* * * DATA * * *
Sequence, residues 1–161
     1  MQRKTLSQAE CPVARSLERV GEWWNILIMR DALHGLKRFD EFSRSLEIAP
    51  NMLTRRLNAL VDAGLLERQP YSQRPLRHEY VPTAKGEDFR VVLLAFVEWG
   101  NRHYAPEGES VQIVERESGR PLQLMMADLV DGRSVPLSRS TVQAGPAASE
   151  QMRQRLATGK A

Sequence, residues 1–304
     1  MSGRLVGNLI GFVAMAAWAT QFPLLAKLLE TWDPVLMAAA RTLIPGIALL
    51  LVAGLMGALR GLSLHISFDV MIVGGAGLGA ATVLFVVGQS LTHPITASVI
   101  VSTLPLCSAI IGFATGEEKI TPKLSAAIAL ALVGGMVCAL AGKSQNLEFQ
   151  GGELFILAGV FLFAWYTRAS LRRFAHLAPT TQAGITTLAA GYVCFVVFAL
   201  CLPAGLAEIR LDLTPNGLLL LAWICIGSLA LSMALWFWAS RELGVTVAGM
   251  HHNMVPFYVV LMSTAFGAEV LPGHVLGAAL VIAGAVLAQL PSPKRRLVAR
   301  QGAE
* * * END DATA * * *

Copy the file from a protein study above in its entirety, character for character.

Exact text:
Sequence, residues 1–161
     1  MQRKTLSQAE CPVARSLERV GEWWNILIMR DALHGLKRFD EFSRSLEIAP
    51  NMLTRRLNAL VDAGLLERQP YSQRPLRHEY VPTAKGEDFR VVLLAFVEWG
   101  NRHYAPEGES VQIVERESGR PLQLMMADLV DGRSVPLSRS TVQAGPAASE
   151  QMRQRLATGK A

Sequence, residues 1–304
     1  MSGRLVGNLI GFVAMAAWAT QFPLLAKLLE TWDPVLMAAA RTLIPGIALL
    51  LVAGLMGALR GLSLHISFDV MIVGGAGLGA ATVLFVVGQS LTHPITASVI
   101  VSTLPLCSAI IGFATGEEKI TPKLSAAIAL ALVGGMVCAL AGKSQNLEFQ
   151  GGELFILAGV FLFAWYTRAS LRRFAHLAPT TQAGITTLAA GYVCFVVFAL
   201  CLPAGLAEIR LDLTPNGLLL LAWICIGSLA LSMALWFWAS RELGVTVAGM
   251  HHNMVPFYVV LMSTAFGAEV LPGHVLGAAL VIAGAVLAQL PSPKRRLVAR
   301  QGAE